Jeter was the best of bad Hall of Fame class

by Gary Shelton on January 22, 2020

in general

Jeter was nearly unanimous.

Wednesday, 4 a.m.

You say you're looking for someone who isn't going to be honored by the Hall of Fame. You're looking for someone who will honor the Hall of Fame by his presence.

Well, you've got Derek Jeter.

And after that, you've got Derek Jeter.

And did I mention Derek Jeter?

Jeter was elected to the Hall Tuesday, getting 99.7 percent of the vote. Only Larry Walker also got in and just barely.

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In Jeter's case, it was a foregone conclusion. He was going to get in if they had to move out some others to make room. His total percentage of the vote (one short of being unanimous) was second-highest of all-time, behind only former teammate Mariano Rivera, who was unanimous. (It was just ahead of Ken Griffey Jr., who missed by three votes; Ty Cobb, who missed by four; Tom Seaver, who missed by five; Nolan Ryan, who missed by six; and Cal Ripkin Jr, who missed by eight. Both Hank Aaron and George Brett missed by nine.

Aside from Jeter, however, it was largely an unlovable bunch of candidates. What? Were you really supposed to feel warm and fuzzy over Barry Bonds? Over Roger Clemens? Do you feel good about making Curt Schilling and his loony ideas immortal? ˙How about Sammy Sosa and Manny Ramirez?

Even for a guy who thinks performance should be 95 percent of the vote, that's a hard class to swallow. There were rule-breakers left and right, corner-cutters and out and out cheats. It's a hard group to embrace.

For the most part, yeah, I can see that Bonds belongs in the Hall of Fame. Clemens, too. Maybe even Shilling (who should be the first inductee to wear a tin-foil hat).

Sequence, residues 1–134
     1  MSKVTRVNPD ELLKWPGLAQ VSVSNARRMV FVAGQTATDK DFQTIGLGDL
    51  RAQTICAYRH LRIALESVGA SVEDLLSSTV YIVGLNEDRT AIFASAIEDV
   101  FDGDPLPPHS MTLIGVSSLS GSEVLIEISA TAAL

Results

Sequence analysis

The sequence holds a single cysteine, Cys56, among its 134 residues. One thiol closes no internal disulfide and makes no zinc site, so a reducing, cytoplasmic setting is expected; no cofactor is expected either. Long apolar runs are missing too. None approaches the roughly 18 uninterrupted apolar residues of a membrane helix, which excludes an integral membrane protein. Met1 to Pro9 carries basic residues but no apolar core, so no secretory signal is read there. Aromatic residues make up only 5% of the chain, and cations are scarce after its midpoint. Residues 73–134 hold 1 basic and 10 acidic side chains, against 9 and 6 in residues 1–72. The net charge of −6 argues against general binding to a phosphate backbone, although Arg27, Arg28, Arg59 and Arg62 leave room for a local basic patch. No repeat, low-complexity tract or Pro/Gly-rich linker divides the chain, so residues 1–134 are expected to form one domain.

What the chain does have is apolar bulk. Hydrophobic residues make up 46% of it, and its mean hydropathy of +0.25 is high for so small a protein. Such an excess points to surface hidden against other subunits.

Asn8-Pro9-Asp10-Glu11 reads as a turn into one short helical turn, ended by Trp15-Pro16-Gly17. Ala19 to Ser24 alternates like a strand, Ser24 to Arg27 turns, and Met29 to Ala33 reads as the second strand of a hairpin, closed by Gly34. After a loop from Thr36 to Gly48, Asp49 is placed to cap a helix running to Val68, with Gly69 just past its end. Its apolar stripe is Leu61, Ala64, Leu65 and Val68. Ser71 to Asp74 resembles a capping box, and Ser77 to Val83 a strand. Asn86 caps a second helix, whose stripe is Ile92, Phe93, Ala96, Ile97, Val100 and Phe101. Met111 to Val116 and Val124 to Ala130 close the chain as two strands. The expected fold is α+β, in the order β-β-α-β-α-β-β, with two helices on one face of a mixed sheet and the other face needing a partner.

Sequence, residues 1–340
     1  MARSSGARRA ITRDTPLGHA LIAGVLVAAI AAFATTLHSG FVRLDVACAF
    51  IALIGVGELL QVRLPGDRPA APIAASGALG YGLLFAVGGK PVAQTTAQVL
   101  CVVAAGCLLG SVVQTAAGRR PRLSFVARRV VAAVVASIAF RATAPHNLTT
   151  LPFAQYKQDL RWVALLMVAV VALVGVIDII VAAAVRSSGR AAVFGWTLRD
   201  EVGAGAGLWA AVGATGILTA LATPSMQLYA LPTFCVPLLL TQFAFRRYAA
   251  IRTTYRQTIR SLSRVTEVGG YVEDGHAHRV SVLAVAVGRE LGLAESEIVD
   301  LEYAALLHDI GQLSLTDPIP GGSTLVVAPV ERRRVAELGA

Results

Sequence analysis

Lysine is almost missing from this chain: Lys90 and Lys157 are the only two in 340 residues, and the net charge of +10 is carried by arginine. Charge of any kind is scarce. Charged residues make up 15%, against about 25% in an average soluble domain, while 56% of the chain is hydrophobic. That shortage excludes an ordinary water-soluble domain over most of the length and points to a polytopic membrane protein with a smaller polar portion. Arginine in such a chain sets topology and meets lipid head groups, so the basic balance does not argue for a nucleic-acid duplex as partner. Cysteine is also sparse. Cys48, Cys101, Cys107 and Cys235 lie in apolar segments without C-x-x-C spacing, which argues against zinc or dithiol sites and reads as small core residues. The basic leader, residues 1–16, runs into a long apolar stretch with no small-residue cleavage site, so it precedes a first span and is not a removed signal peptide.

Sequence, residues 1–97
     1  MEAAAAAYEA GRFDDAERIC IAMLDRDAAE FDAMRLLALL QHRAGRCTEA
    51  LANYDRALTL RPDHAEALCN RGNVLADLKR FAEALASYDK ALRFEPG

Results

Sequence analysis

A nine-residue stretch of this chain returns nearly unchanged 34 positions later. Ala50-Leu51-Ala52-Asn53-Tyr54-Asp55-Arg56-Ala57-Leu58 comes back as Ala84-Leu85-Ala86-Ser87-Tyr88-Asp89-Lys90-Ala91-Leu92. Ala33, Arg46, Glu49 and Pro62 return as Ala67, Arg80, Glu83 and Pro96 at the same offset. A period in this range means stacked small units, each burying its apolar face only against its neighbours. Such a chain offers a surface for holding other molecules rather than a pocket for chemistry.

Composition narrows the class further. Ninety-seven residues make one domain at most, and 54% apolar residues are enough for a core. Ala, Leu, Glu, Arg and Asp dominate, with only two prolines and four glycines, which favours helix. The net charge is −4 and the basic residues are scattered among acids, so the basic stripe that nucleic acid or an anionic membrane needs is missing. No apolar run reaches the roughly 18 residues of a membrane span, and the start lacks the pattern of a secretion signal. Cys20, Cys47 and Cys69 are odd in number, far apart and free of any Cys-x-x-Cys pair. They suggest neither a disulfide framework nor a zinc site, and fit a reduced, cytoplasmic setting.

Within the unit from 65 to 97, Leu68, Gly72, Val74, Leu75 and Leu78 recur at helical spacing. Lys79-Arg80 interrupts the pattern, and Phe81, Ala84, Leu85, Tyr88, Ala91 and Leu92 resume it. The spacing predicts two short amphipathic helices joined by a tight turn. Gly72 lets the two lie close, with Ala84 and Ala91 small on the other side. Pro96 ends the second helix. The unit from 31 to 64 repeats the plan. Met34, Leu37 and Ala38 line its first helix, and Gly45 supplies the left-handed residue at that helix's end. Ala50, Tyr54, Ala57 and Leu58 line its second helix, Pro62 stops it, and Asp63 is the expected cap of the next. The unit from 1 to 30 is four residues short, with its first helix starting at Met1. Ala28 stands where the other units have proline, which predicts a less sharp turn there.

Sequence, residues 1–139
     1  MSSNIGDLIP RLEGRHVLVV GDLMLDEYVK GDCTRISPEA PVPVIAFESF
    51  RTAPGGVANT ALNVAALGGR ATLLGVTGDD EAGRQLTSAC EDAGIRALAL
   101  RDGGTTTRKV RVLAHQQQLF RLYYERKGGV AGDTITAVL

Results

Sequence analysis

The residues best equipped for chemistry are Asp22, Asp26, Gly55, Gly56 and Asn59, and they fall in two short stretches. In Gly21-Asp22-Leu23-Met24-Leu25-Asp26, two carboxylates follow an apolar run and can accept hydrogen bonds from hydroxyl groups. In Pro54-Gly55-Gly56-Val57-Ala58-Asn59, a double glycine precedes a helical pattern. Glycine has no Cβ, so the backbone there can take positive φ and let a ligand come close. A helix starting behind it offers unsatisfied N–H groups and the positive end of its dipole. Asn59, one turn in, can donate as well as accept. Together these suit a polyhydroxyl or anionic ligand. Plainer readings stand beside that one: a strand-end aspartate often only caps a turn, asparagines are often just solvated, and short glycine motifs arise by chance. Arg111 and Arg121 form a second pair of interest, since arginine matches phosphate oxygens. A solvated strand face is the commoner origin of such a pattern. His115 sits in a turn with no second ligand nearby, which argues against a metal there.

But it's up to someone else to vote them in. I just can't bring to do it.

I know, I know. As a voter, that's passing the buck. But stats are one thing, and what you believe is another. I wouldn't have any problem if Bonds, Clemens and the Hole-in-the-arm gang get him. I'm just not going to help them buy a ticket.

Ah, but then there is Jeter, a Hall of Famer you can get behind.

No, Jeter wasn't perfect. You can find a lot of arguments about his lack of range. I once chastised Jeter for squawking his way onto base as he claimed he was hit by a pitch; replays showed it hit the end of the bat and never touched him. I thought that was beneath someone of Jeter's reputation, frankly. I still do.

Still, the public loved loving Jeter. In the time of steroids, they needed a Mr. Clean to admire, a winner who was slick and efficient, who wore his stardom like a leather mitt. Jeter was that guy. He was as admirable in the way he carried himself as, say, Cal Ripkin Jr. He was a star.

But for two decades, Jeter was the ultimate winner in the game. His Yankees won five World Series. He hit .310. He made 14 all-star teams. He had 3,465 hits. He drove in 1,311 runs. He scored 1,923 runs himself. He won five Silver Slugger Awards. He was a World Series MVP.

He was the voice of reason. There were other Yankees who would give you headlines with their bold talk. But when Jeter said something -- or did something -- it mattered. He was the Captain.

Yeah, that's worth remembering. I just would love to have the one guy who didn't vote for him explain to me why.

The rest of the class?

Larry Walker got in. I probably wouldn't have voted for him. His chief asset seemed to be that it was his last year on the ballot. But good for Walker for getting in.

Curt Schilling didn't. The guy with the bloody sock and the outlandish tongue got 70 percent of the vote. He'll probably get in next year. The voters on Mars will be excited.

Clemens got 61 percent and Bonds 60.7. To me, they're almost identical. The reason I would include both is that they both had Hall of Fame resumes before the world discovered steroids. I like Bonds better myself, but you can't feel horrible that neither got in.

Omar Vizquel got 52.6 percent of the vote. He would have gotten mine. He was slick and dangerous.

Scott Rolen got 35.3 percent of the vote. I wouldn't have voted for him. To me, his numbers are bigger than his legacy.

Billy Wagner? No. Gary Sheffield. Not quite. Todd Helton? No. Manny Ramirez. Hell no. Jeff Kent? No. Andrew Jones? No. Sammy Sosa? Double hell no. Andy Petite? No. Bobby Abreau? No.

For personal reasons, I supported Fred McGriff. I supposed Dale Murphy.

In all, it's hard to feel wronged in the name of anyone. Some years, there are. You can't understand why this guy got in and that guy didn't. You try to make sense of the numbers.

This year, there was Jeter.

And there was everyone else.

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